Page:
Multiple Myeloma

Not Your Usual Suprasellar Mass

Ronan Factora, MD, and Armin Jegalian, MD, PhD
Cleveland, OH


skullA 71-year-old female with a past medical history of hypertension presented to the emergency department with an 8-week history of neurological symptoms including confusion, short-term memory loss, and progressive weakness. Labwork revealed severe hypercalcemia (15.3 mg/dL [range: 8.5-10.5 mg/dL]), moderate anemia (hemoglobin levels at 9.5 g/dL [range: 11.5-15.5 g/dL]), and mild kidney insufficiency (creatinine levels at 1.47 mg/dL [range: 0.70-1.40 mg/dL]). An outpatient CT of the head revealed a mass within the sella turcica (Figure 1). She was consequently hospitalized for evaluation. 


A skeletal survey revealed innumerable small lytic lesions throughout the skeleton, most prominent within the skull. A bone marrow biopsy was performed and demonstrated findings consistent with kappa chain multiple myeloma. Given the presence of a suprasellar mass, pituitary function was assessed and no significant abnormalities were found. Transsphenoidal biopsy of the sphenoid mass was performed; the pathology report revealed neoplastic cells strongly positive with antibodies to CD138 and kappa light chains, consistent with plasma cell neoplasm (Figure 2). She was consequently diagnosed with multiple myeloma.


Multiple myeloma is a well-recognized neoplastic plasma cell disorder. Diagnostic criteria for multiple myeloma have been published and disseminated, and is based on bone marrow biopsy revealing typically at least 10% clonal bone marrow plasma cells as well as presence of monoclonal protein in the serum or urine. Organ dysfunction related to myeloma includes anemia, renal impairment, and bony disease.1 

Clinical findings noted during presentation include: anemia at 73% to 85.3%,2,3 fatigue at 32%,3 weight loss at 24%,3 renal impairment (Cr ≥2g/dL): ~20%,3,4 bone lytic lesions at 67%,3 bone pain at 58%3, and hypercalcemia (≥ 11mg/dL): 13%.3

plasma cell

Severe hypercalcemia may produce changes in cognitive function. Intracranial involvement of multiple myeloma is rare and typically arises from osseous involvement of the cranial vault, skull base, nose, or paranasal sinuses.5,6 Often, such masses are misdiagnosed as nonfunctioning pituitary adenomas. Biopsy facilitates diagnostic confirmation.

Present in 1% of cases, leptomeningeal involvement of multiple myeloma is particularly rare and devastating. Dissemination of plasma cells into the CNS is thought to occur through hematogenous spread or as an extension of involved adjacent bony tissue.7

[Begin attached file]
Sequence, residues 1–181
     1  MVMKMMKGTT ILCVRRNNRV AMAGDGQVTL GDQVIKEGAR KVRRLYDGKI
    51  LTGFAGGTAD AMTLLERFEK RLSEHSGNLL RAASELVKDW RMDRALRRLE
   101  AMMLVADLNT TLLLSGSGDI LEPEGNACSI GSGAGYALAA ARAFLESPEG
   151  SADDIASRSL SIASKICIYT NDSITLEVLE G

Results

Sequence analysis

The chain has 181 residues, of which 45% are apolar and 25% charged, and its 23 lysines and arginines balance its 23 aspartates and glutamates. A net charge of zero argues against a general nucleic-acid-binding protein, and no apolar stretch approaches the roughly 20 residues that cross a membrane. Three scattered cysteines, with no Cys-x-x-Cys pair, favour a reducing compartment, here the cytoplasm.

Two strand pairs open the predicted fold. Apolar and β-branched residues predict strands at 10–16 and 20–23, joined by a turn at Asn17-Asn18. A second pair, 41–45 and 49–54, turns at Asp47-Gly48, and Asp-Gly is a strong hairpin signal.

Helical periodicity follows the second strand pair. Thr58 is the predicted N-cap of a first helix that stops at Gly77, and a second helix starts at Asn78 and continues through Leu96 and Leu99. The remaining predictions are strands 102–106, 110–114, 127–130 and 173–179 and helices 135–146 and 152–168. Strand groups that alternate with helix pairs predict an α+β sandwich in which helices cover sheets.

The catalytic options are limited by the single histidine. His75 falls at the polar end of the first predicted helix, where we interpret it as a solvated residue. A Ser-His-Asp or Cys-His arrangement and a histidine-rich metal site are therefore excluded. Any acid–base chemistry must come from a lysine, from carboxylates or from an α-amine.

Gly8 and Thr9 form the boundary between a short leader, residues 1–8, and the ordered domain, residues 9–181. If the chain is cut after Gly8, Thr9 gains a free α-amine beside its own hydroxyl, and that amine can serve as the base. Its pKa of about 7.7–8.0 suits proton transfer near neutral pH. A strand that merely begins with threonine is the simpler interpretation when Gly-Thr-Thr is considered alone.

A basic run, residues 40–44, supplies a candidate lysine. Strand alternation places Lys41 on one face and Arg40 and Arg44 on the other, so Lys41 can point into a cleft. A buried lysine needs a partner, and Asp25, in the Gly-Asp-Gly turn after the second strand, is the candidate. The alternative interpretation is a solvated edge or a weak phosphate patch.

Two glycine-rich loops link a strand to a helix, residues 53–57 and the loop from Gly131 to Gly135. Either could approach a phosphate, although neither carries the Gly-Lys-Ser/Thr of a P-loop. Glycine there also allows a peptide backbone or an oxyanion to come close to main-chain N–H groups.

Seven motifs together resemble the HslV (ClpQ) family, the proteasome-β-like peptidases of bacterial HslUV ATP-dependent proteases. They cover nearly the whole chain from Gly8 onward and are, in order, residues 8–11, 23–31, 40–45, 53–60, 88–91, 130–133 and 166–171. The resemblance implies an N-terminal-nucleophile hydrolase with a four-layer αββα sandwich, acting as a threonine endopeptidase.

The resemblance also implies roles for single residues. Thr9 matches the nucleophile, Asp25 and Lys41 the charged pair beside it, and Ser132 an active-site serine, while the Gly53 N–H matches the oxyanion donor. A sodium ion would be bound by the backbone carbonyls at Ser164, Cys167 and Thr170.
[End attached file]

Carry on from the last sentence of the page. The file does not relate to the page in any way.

A case series of multiple myeloma patients with CNS complications revealed a strong association with translocations and deletions in chromosome 13.8 Poorer prognosis associated with a high B-microglobulin level and several chromosomal abnormalities,9 including specific translocations including t(4;14), deletion 17p13, and chromosome 1 abnormalities.10 It is possible that myeloma patients with intracranial involvement represent a subset of these high risk individuals with poor prognosis. No systematic review of cytogenetic abnormalities in multiple myeloma associated with CNS involvement has been conducted to date. 

Outcome of the Case

The patient underwent treatment of her multiple myeloma with melphalan, bortezumab, and prednisone. Follow-up CT of the head demonstrated absence of the suprasellar mass following chemotherapy. 

1.International Myeloma Working Group. Criteria for the classification of monoclonal gammopathies, multiple myeloma and related disorders: A report of the international myeloma working group. Br J Haematol. 2003;121(5):749-757.

2.Birgegard G, Gascon P, Ludwig H. Evaluation of anaemia in patients with multiple myeloma and lymphoma: Findings of the European Cancer Anemia Survey. Eur J Haematol. 2006;77(5):378-386.

3.Kyle RA, Gertz MA, Witzig TE, et al. Review of 1027 patients with newly diagnosed multiple myeloma. Mayo Clin Proc. 2003;78(1):21-33

4.Eleutherakis-Papaiakovou V, Bamias A, Gika D, et al. Renal failure in multiple myeloma: Incidence, correlations, and prognostic significance. Leuk Lymphoma. 2007;48(2):337-341.

5.Cerase A, Tarantino A, Gozzetti A, et al. Intracranial involvement in plasmacytomas and multiple myeloma: a pictorial essay. Neuroradiology. 2008;50(8):665-674. 

6.Yaman E, Benekli M, Coskun U, et al. Intrasellar plasmacytoma: an unusual presentation of multiple myeloma. Acta Neurochir (Wien). 2008;150(9):921-924.

7.Leifer D, Grabowski T, Simonian N, Demirjian ZN. Leptomeningeal myelomatosis presenting with mental status changes and other neurologic findings. Cancer. 1992;70(7):1899-1904.

8.Fassas AB, Ward S, Muwalla F, et al. Myeloma of the central nervous system: Strong association with unfavorable chromosomal abnormalities and other high-risk disease features. Leuk Lymphoma. 2004;45(2):291-300.

9.Greipp PR, San Miguel J, Durie BG, et al. International staging system for multiple myeloma. J Clin Oncol. 2005;23(15):3412-3420.

10.Avet-Loiseau H, Attal M, Moreau P, et al. Genetic abnormalities and survival in multiple myeloma: The experience of the intergroupe francophone du myelome. Blood. 2007;109(8):3489-3495.